Indirect Public Support HelpIndirect public support represents revenue received through solicitation campaigns. This includes funding United Way and other federated fundraising organizations, but does not include donor designated contributions.
Earned Revenue HelpEarned revenue represents income generated in direct exchange for a product or service.Earned income includes income from government contracts.
Please note: As of September 6, 2016, ONAC received our audited financials from our auditor. Our earlier compilations were completed on a cash basis while our 2015 audit was completed on an accrual basis.
Since February 2014, ONAC has raised a total of $773,092 in funding to support programming, administration, and fundraising costs. Funders include the Chickasaw Nation, First Nations Development Institute (with support of the Ford Foundation), W. K. Kellogg Foundation, Cherokee Nation Commerce Group, Wichita and Affiliated Tribes, Choctaw Asset Building, Sac and Fox Nation Business Committee, Delaware Tribe of Indians, Delaware Nation, AARP Oklahoma, eighty-two individual donors, and four Native nonprofit memberships.
Becker and Rosen, Certified Public Accountants, LLC audited the financial statements of ONAC, for the year ended December 31, 2015. The auditors presented an unqualified audit report. Here is ONAC’s 2015 Financial Statement of Activities: http://oknativeassets.org/resources/Documents/ ONAC_2015_Annual_Report.pdf. For more detailed information, please request the complete audit report.
ONAC’s vision is that Native families will have multiple opportunities to grow their assets, through participation in integrated and culturally-relevant Native asset building programs. Our dream would be that all Native youth would have Children’s Savings Accounts to help them save for their future and let them know that college is a real option for them. The coalition also would like to be able to provide more funding for asset building initiatives in the state (to tribes and Native nonprofits) to increase the numbers of sustainable asset building programs (such as financial education, matched savings accounts, credit repair/credit builder, and family emergency savings account programs).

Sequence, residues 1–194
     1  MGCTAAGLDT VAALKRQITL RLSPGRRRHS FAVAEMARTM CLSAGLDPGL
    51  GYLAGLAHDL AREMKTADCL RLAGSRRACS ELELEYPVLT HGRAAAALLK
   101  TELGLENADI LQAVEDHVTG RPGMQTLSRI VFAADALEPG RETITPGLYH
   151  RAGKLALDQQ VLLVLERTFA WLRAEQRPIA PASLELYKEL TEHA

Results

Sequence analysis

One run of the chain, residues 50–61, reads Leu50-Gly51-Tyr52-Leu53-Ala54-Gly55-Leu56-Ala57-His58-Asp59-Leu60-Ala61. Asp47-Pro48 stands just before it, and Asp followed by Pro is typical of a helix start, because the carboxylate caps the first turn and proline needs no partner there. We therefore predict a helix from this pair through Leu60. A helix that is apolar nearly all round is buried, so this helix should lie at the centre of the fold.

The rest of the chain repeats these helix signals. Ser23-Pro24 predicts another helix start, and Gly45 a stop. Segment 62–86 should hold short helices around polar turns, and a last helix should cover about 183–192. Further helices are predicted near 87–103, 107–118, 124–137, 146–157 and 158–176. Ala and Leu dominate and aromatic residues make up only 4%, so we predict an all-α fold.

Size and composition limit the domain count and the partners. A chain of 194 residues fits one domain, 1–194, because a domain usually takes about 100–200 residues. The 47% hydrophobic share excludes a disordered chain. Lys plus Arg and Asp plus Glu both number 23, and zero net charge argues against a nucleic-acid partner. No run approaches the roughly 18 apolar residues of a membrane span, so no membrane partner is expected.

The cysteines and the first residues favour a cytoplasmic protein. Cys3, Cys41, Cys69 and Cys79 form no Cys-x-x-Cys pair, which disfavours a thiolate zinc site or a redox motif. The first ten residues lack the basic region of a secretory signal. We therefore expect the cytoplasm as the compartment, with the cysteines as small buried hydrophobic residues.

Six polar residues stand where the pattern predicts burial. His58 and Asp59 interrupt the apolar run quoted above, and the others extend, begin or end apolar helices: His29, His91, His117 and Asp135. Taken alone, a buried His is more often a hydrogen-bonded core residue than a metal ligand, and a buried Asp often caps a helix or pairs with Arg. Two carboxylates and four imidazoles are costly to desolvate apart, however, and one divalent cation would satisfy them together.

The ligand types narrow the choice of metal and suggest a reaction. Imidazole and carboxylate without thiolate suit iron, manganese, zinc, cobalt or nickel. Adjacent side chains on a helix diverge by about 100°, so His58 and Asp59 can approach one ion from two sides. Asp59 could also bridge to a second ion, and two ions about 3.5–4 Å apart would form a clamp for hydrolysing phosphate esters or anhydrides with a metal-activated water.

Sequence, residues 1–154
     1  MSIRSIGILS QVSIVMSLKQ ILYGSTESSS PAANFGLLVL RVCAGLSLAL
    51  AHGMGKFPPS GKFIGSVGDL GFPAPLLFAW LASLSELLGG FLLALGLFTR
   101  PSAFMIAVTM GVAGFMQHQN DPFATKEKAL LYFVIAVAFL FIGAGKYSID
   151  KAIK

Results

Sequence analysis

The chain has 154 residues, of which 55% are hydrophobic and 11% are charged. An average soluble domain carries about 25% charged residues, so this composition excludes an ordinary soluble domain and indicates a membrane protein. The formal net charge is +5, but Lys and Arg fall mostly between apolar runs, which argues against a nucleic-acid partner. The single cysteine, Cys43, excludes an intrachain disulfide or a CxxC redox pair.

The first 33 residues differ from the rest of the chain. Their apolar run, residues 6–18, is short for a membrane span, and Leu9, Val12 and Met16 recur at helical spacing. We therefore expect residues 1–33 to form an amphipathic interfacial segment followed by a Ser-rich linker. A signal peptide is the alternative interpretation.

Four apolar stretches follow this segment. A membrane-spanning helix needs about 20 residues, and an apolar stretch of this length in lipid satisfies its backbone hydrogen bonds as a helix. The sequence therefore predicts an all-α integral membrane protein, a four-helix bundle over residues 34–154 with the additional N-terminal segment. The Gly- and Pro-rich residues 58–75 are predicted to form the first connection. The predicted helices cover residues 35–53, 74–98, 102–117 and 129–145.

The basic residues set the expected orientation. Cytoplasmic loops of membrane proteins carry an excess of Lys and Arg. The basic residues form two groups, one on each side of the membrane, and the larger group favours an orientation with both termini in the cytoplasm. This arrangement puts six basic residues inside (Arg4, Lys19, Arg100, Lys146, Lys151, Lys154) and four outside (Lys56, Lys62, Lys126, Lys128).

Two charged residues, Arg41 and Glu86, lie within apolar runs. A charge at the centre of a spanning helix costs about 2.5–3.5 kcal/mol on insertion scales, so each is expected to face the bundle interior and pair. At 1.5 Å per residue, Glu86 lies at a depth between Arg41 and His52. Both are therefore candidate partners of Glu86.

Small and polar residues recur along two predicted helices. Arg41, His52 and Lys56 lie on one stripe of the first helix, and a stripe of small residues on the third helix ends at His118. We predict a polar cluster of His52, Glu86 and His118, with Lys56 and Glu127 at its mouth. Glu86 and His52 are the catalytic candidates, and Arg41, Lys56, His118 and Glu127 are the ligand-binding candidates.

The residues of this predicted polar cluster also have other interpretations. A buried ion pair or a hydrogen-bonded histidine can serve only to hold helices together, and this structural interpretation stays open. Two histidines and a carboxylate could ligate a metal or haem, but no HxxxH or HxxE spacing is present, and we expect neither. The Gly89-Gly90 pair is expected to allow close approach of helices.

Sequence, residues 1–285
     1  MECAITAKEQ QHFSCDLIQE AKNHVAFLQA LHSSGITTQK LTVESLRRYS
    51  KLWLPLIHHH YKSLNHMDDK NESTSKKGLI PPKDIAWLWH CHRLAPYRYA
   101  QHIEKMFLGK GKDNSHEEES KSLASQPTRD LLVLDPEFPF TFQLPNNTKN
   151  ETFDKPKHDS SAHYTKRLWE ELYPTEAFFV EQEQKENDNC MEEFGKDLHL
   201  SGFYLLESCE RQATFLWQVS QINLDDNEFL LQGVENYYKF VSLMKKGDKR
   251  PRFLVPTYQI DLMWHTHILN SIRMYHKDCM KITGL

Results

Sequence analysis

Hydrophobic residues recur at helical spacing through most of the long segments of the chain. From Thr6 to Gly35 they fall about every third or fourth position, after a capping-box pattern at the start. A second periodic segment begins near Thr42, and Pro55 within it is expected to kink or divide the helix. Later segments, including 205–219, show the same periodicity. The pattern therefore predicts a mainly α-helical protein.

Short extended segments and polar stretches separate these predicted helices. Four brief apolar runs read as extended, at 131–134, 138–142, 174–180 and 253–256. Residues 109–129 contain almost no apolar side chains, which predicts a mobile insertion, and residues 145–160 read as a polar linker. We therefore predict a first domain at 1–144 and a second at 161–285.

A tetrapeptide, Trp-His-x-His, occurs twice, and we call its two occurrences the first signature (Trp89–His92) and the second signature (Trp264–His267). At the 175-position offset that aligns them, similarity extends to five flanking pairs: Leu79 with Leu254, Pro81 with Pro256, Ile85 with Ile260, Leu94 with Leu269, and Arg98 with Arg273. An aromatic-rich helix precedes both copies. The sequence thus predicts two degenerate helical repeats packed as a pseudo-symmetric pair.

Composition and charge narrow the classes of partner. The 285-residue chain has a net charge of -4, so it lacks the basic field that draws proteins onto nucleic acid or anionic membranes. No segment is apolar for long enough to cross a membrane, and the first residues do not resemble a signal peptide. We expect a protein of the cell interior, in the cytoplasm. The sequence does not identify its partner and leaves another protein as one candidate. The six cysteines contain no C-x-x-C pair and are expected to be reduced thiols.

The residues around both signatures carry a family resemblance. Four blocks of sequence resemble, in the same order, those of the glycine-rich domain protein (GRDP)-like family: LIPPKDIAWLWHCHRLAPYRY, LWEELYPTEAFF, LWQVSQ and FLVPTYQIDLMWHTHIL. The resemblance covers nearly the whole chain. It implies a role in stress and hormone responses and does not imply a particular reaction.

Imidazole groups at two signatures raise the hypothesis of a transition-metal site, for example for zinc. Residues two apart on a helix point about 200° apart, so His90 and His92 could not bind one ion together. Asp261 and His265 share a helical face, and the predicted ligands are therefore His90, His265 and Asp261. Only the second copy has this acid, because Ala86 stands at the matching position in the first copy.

With the second-largest Native population, per capita in the United States, residing in Oklahoma, and that population increasing (2010 Census), support of Native asset building programs will help Native families to concretely build assets that will lead to family financial security. There is great potential for ONAC to work with constituents to help numerous Native families build their assets.
In ONAC’s strategic plan, the coalition notes that we need funding to support and grow the nonprofit. ONAC’s leadership has worked to put in place a multi-pronged fundraising plan (individual donors, foundations, members, federal grants, corporate funds, sponsorships, etc.). The next step of that plan is to raise funds for an endowment. To advance ONAC’s mission, ONAC is seeking to raise $5 million to fund an endowment for general operating expenses and program support. A strong endowment would make ONAC sustainable and viable well into the future.
As of 2016, ONAC’s annual operating budget is $251,522. Endowment funding of $5 million would allow ONAC to draw 5% a year ($250,000). With the sustainability that an endowment provides, ONAC would then continue to seek foundation and individual donor support, as well as memberships, sponsorships, and other donations to offer more Children’s Savings Accounts and asset building grants in the state, in order to better meet the demand for our coalition services.